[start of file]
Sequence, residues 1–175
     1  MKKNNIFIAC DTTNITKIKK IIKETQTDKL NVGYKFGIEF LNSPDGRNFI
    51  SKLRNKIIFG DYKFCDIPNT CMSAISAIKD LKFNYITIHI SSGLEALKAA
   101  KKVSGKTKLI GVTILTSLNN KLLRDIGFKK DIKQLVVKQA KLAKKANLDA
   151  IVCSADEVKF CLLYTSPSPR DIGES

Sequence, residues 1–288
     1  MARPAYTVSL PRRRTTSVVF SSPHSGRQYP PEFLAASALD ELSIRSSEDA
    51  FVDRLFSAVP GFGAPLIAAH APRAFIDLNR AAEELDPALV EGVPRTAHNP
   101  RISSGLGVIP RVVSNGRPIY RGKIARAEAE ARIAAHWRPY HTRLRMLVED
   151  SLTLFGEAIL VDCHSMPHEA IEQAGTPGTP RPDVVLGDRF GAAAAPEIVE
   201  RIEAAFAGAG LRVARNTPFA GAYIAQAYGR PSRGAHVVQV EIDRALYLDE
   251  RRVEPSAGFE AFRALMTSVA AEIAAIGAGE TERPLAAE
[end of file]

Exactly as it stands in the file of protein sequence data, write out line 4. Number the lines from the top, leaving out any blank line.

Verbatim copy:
   101  KKVSGKTKLI GVTILTSLNN KLLRDIGFKK DIKQLVVKQA KLAKKANLDA